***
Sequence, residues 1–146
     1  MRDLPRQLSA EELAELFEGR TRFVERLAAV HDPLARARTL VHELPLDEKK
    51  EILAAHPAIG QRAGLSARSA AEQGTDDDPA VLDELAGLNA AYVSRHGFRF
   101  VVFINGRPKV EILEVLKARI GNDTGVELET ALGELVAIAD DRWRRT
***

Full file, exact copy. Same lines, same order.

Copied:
Sequence, residues 1–146
     1  MRDLPRQLSA EELAELFEGR TRFVERLAAV HDPLARARTL VHELPLDEKK
    51  EILAAHPAIG QRAGLSARSA AEQGTDDDPA VLDELAGLNA AYVSRHGFRF
   101  VVFINGRPKV EILEVLKARI GNDTGVELET ALGELVAIAD DRWRRT